The Department of Defence are set to return the bell that was removed from the garrison church at Kickham Barracks without proper consultation with Clonmel Borough Council. The issue was raised at last month’s meeting of the council when councillors expressed their unease that the bell, which is part of a protected structure on the grounds of the barracks was removed by the Department without following correct planning procedure. However the Department may apply to have the bell removed again if it wishes to do so.
Town clerk Ger Walsh wrote to the property division of the Department informing them that they should not remove any monuments or structures from Kickham Barracks without the permission of the council, and requested that the bell be returned to them. He said that according to the Department, the bell was removed and transferred to Sarsfield Barracks in Limerick because structural repair work needs to be carried out on the bell-cote, the arched structure in which the bell is housed.
Mr. Walsh received written confirmation of the bell’s return to Clonmel this week, while defence minister Alan Shatter confirmed last week that arrangements are being made to return the bell to the church which was deconsecrated prior to the closure of the barracks. In response to a parliamentary question from South Tipperary independent TD Seamus Healy who quizzed him on the current location of the bell, Deputy Shatter said the bell, which was considered to be a religious item, was removed to Sarsfield Barracks but following a review of the matter, arrangements are now being made to relocate the bell back to the church.
Mr. Walsh said that the bell has as much significance as any of the other monuments in Kickham Barracks and added that it has symbolic and historic significance to Clonmel. “Whatever happens to the Church, the bell should stay in it, it looks empty without it,” he said. He said that the structural repair of the bell-cote still has to be carried out but is satisfied that the bell will be returned to them.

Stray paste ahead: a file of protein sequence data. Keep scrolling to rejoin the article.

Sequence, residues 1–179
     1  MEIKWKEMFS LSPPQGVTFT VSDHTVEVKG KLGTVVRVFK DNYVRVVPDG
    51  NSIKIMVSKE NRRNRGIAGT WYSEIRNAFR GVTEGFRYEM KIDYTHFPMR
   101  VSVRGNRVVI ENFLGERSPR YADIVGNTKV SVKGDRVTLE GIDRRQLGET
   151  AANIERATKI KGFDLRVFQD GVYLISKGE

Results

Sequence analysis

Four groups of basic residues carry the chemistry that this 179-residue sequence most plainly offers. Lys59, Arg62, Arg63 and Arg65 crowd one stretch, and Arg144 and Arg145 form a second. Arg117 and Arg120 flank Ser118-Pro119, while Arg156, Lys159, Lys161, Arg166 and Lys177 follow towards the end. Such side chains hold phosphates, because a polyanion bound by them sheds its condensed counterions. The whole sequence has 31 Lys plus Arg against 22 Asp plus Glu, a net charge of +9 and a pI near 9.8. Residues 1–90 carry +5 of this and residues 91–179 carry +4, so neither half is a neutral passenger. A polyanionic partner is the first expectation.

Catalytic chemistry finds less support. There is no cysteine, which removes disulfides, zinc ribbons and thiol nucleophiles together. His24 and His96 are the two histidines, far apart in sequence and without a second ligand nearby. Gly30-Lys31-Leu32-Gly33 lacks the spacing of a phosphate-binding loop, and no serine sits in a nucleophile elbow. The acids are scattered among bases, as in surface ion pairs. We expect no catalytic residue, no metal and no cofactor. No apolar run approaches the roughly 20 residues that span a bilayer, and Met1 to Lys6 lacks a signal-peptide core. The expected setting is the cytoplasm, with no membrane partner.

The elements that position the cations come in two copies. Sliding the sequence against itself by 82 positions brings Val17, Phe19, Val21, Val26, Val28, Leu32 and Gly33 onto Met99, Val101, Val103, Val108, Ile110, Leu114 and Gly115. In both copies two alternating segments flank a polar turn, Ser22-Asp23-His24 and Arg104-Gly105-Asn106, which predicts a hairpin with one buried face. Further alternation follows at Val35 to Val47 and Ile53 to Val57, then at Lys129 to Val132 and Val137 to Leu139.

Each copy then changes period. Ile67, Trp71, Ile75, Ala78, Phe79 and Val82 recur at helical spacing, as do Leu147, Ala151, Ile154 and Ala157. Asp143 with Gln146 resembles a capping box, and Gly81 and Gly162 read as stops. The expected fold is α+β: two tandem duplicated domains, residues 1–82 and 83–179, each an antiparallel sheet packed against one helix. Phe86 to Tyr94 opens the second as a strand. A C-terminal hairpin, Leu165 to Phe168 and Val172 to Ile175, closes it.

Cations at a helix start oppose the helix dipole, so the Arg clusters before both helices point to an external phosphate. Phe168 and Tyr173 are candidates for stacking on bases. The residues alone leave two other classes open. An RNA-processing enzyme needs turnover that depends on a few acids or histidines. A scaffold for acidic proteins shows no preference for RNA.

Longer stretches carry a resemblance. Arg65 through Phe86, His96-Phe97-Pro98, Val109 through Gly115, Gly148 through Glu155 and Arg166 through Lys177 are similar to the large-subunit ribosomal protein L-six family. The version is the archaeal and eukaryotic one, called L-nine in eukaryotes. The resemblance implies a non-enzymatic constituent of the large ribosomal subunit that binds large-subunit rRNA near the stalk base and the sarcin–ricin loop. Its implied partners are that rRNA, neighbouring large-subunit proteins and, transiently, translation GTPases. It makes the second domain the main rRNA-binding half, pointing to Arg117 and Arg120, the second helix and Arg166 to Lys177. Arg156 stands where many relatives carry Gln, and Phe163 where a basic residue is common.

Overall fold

Clonmel town manager Sinead Carr said that certain procedures that must be followed when dealing with protected structures were not adhered to by the Department of Defence. The intention to remove the bell should have been conmmunicated to the Council through a statutory declaration under Section 57 of the Planning and Development Act 2000. Ms. Carr explained that while the Department may return the bell, they can then apply to the Council to have it removed again.
In relation to the future of the ten acre Kickham Barracks site, Ms Carr said that a meeting between council officials, members of the Department of Defence and potential local stakeholderss who have an interest in the site, was held recently. She said that they are anxious to work with potential interested parties to draw up a framework document that will outline how best to use the site and she hopes to meet with the Department at the end of May to present this framework document to them.
“This is a significant site in the town and we want to maximise the value of it and preventing the sale of small parts of the site. There have been a number of suggested uses in the areas of enterprise, community and education,” she said.
According to her, the Department of Defence do not have any plans for the site. “I would be amazed if they did at this stage,” she said.